A second pad is sometimes added to aged care residents’ regular continence aids as a ‘shortcut’ to help staff perform quicker changes and continence care, an industry source has revealed.
According to an aged care industry expert with many years experience on the floor, some aged care staff add a booster or slip pad at night (sometimes more than one), so in the morning they only have to remove the top pad, and not perform a complete change for the person.
Thankfully, this shortcut is not widely used, but it has been brought to HelloCare’s attention amid concerns raised about its impact on the dignity and health of aged care residents.
“It’s not good practice … and lazy and undignifying for the resident,” said HelloCare’s source.
Booster pads are continence aids that are designed to be worn in addition to other continence management aids. Their capacity can range all the way from an extra 200mL up to an additional 1L capacity.
Booster pads do not have a plastic backing, so any liquid that enters the booster will flow through to the pad beneath it.
Booster pads can also be used for protection from faecal smearing.
Slip pads are pads that are used to prevent leakage. They do have a plastic backing, so prevent liquid from going through to the bottom pad.
According to a nurse from the Continence Foundation of Australia helpline, booster pads are sometimes recommended for use overnight to boost capacity. However, in the morning both the booster pad and the pad underneath must be changed.
If the pad underneath is not changed, a wet pad will remain in place, which is not only heavy and uncomfortable for the person, but it can also pose a risk to their skin integrity.
The practice of so-called ‘double padding’ demonstrates little respect for the dignity of the person, a requirement of the Aged Care Quality Standards.
The standards also require residents to have a say in how they are cared for. One can’t help wondering if residents are given the choice when double pads are used in this way, or if the carer simply makes the decision on the resident’s behalf.
Hayley Ryan, Clinical Nurse Consultant – Wound Management (NSW & ACT), Practice Excellence Lead, Uniting, told HelloCare that continence management should focus on achieving the best outcome for the resident, not the type of continence aid being used.
“Something we focus on heavily at Uniting is that we assist people to the toilet. We find other ways around bladder control, bowel control, as opposed to just going to an incontinence aid.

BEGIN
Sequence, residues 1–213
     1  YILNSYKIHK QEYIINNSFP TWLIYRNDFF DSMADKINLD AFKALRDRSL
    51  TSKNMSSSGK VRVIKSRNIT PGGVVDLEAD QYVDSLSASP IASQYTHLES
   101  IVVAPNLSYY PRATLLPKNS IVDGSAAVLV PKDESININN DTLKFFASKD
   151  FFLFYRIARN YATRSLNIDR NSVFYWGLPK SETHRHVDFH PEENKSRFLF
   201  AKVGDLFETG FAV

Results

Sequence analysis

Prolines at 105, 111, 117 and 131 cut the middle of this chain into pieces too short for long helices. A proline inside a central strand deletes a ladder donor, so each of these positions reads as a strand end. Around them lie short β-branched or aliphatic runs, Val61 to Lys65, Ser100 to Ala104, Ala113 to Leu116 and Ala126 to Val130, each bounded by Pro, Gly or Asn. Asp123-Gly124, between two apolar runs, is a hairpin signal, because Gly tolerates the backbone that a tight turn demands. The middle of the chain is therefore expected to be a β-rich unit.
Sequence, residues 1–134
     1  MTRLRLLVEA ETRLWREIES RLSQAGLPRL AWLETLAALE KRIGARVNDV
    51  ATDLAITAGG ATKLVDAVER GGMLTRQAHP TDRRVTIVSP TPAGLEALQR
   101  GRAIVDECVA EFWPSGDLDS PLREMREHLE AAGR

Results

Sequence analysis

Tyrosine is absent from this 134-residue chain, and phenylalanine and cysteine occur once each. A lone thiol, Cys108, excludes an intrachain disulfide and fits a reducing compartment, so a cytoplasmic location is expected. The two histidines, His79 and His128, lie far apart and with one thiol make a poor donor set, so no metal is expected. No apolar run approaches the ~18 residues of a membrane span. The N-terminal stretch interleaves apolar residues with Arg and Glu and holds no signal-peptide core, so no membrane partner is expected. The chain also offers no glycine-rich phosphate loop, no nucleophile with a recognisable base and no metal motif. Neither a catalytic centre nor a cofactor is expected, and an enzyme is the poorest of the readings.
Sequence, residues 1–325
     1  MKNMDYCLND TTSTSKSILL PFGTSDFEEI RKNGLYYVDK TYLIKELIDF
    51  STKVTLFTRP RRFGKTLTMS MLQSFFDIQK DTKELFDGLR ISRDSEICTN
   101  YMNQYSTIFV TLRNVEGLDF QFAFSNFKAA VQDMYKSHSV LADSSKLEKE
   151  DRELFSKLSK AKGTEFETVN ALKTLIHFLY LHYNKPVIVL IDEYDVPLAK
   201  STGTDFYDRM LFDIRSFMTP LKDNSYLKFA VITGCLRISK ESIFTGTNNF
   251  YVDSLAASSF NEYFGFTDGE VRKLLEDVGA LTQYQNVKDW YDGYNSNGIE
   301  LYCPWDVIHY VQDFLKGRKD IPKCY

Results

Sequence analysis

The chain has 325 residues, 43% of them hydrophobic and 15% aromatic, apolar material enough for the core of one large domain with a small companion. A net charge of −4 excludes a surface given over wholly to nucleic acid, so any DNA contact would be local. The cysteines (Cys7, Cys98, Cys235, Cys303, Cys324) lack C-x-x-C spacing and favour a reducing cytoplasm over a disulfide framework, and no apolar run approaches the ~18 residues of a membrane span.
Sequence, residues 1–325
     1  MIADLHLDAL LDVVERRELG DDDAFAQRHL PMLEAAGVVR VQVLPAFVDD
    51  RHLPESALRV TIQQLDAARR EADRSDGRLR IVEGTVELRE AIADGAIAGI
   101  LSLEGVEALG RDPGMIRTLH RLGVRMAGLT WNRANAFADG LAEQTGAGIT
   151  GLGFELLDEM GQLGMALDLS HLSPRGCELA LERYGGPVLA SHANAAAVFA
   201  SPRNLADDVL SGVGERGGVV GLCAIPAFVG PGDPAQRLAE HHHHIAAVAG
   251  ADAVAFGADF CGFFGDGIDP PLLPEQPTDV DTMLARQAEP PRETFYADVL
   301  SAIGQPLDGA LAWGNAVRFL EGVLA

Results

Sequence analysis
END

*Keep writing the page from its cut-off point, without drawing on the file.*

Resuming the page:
“Incontinence aids are always a last requirement,” she said.
Continence management should always begin with a “good, thorough assessment of the person”, and then deciding on what is the best way to ensure the dignity of that person is preserved.
At night, residents usually wear ‘wrap pads’, which hold a relatively large capacity, Ms Ryan explained.
However, if more capacity is needed, ‘interim pads’ are sometimes used, which only hold about half the capacity of the wrap pad.
For example, a wrap pad might be removed at 3am and an interim pad put in, which means the resident is dry and comfortable until the morning, when toileting and a complete change is required.
“It’s all about the dignity of the person and also maintaining sleep at night. So, how do we ensure we get adequate sleep at night without waking somebody constantly to change aids,” Mr Ryan said.
“The booster might be relevant for some people, and if that’s the case use it, but use it appropriately,” she said.
Booster pads can be used to capture ‘smearing’ from faecal leakage, Ms Ryan said. “But I would have to say it’s rarely used at Uniting, if at all,” she said.
Continence aids should never be ‘doubled up’ and care must always be taken to use them properly, Ms Ryan said.
Care must also be taken to protect the skin when using continence aids.
If pads get “bunched up” or they are not applied properly, there is the potential for skin irritation and “pressure to delicate areas”, Ms Ryan told HelloCare.
Make sure the skin is cleaned thoroughly, is moisturised, and that you avoid shear and friction from anything that’s in contact with the skin, Ms Ryan advised.
The focus with continence management should always be on continence, rather than incontinence aid, Ms Ryan said.
Trying to take the person to the toilet should always be the priority, and working out the correct capacity for continence aid is also key.
When thinking about continence aids, the aim is to find “the best possible capacity to provide dignity for the person with incontinence”, she said.